For example, the studies had successful random assignment (as evidenced by highly similar treatment and control groups), used systematic surveillance systems involving key informants to identify all live births and infant deaths in the study areas, and conducted analyses that appropriately accounted for the fact that geographic areas rather than individual households were randomly assigned.
 There have been three other RCTs of participatory women’s groups in rural areas – two in Malawi and one in Nepal (they are cited in the references below). A report on the Nepal RCT is forthcoming. The Malawi RCTs fall outside our website’s criteria due to limitations that reduce confidence in the findings, such as the use of study design and analysis methods that may generate false-positive results.
 The primary outcome for all studies was the neonatal mortality rate, defined as deaths within the first 28 days of life per 1,000 live births.
Manandhar D.S., Osrin D., Shrestha B.P., et al, (2004). Effect of a participatory intervention with women’s groups on birth outcomes in Nepal: cluster randomized controlled trial. The Lancet 364: 970–79.
Azad K., Barnett S., Banerjee B., et al. (2010). Effect of scaling up women’s groups on birth outcomes in three rural districts in Bangladesh: a cluster-randomised controlled trial. The Lancet 375: 1193–202.
Tripathy P., Nair N., Barnett S., et al. (2010). Effect of a participatory intervention with women’s groups on birth outcomes and maternal depression in Jharkhand and Orissa, India: a cluster-randomised controlled trial. The Lancet 375: 1182–92.
Shrestha, B.P., Bhandari, B., Manandhar, D.S., Osrin, D., Costello, A., & Saville, N. (2011). Community interventions to reduce child mortality in Dhanusha, Nepal: study protocol for a cluster randomized controlled trial. Trials 12:136.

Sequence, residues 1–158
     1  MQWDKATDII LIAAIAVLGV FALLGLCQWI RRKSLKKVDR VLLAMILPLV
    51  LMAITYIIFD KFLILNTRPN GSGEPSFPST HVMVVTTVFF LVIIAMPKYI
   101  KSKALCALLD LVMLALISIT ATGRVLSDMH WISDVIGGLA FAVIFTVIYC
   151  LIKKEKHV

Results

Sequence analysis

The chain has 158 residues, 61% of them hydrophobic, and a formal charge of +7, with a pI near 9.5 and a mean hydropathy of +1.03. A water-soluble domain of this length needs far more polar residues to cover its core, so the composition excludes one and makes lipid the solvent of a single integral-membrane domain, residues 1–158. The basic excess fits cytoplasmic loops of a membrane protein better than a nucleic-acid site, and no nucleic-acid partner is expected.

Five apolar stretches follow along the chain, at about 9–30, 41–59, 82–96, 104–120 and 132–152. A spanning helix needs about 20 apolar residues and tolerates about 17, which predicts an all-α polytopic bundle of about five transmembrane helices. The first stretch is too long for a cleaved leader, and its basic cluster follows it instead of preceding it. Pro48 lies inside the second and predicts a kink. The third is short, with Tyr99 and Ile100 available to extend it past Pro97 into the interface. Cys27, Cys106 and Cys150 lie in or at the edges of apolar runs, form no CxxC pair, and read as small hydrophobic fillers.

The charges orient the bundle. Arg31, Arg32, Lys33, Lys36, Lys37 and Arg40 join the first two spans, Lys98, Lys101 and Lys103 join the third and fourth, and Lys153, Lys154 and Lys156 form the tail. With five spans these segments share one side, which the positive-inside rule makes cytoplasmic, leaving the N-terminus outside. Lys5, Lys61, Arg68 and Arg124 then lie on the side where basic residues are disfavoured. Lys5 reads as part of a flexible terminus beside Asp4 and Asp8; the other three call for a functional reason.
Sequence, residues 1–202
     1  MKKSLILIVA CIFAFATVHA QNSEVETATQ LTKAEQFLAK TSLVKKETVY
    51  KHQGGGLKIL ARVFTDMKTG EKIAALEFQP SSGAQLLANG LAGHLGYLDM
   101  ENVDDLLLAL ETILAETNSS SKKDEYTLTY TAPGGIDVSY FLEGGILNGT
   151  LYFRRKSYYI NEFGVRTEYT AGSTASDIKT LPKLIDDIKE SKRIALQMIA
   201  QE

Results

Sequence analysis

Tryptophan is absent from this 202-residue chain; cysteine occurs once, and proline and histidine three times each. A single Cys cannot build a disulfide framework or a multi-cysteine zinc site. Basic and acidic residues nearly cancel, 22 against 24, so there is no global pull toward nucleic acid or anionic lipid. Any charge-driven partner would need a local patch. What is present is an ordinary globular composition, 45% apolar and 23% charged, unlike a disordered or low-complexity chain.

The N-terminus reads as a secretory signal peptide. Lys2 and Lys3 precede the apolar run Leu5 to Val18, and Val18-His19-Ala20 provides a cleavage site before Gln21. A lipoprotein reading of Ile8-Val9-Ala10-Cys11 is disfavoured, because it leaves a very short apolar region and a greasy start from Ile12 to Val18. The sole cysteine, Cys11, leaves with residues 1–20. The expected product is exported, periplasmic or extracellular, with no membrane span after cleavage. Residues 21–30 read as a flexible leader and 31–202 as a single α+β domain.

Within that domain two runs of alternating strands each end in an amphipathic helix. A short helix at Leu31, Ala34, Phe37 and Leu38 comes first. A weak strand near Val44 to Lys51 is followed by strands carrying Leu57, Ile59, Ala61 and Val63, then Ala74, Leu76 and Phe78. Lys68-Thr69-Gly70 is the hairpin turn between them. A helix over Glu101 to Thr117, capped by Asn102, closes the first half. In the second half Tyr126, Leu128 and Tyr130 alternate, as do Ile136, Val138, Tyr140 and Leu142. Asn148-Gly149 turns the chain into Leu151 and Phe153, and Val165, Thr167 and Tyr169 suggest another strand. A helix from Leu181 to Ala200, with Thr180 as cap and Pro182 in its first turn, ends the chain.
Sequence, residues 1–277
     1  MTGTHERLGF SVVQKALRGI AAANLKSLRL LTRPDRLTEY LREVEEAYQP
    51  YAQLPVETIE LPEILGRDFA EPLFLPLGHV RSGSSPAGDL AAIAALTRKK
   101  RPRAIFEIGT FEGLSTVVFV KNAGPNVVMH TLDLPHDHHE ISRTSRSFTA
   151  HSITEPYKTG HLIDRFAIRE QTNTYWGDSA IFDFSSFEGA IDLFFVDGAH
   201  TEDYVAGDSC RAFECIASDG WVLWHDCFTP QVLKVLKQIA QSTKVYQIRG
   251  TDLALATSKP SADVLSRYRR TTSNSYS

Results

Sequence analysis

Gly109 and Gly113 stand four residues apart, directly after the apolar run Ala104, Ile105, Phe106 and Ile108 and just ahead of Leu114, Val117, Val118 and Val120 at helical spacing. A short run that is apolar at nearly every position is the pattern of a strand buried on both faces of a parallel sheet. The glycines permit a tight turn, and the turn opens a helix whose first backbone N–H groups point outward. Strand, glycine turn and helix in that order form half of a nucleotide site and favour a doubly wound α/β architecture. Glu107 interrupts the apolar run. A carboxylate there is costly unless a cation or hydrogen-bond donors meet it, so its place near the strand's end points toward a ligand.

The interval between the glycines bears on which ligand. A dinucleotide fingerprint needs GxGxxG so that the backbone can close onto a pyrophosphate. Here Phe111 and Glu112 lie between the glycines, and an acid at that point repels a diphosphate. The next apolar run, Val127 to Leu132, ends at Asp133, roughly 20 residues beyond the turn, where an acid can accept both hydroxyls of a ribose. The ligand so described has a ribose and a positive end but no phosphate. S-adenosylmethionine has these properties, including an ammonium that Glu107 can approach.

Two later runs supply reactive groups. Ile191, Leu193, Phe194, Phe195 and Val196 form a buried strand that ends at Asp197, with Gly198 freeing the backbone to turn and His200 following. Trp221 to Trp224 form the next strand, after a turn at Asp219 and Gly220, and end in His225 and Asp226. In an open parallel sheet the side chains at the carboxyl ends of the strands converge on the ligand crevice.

More, N.S., Bapat U., Das S., et al. (2012). Community mobilization in Mumbai slums to improve perinatal care and outcomes: a cluster randomised controlled trial. PLoS Medicine 9(7): e1001257.
Fottrell E., Azad K., Kuddus A., Younes L., Shaha S., & Nahar T. (2013). The effect of increased coverage of participatory women’s groups on neonatal mortality in Bangladesh: a cluster-randomised trial. JAMA Pediatrics 167(9):816-0.
Colbourn T., Nambiar B., Bondo A., et al. (2013). Effects of quality improvement in health facilities and community mobilization through women’s groups on maternal, neonatal and perinatal mortality in three districts of Malawi: MaiKhanda, a cluster randomised controlled effectiveness trial. International Health 5: 180-195.
Lewycka S., Mwansambo C., Rosato M., et al. (2013). Effect of women’s groups and volunteer peer counselling on rates of mortality, morbidity, and health behaviours in mothers and children in rural Malawi (MaiMwana): a factorial, cluster randomised controlled trial. The Lancet 381: 1721–35.
Tripathy, P., Nair, N., Sinha, R., et al. (2016). Effect of participatory women’s groups facilitated by Accredited Social Health Activists on birth outcomes in rural eastern India: a cluster-randomised controlled trial. Lancet Global Health 4:e119-28.
Sinha, R.K., Haghparast-Bidgoli, H., Tripathy, P.K., Nair, N., Gope, R., Rath, S., & Prost, A. (2017). Economic evaluation of participatory learning and action with women’s groups facilitated by Accredited Social Health Activists to improve birth outcomes in rural eastern India. Cost Effectiveness and Resource Allocation 15:2.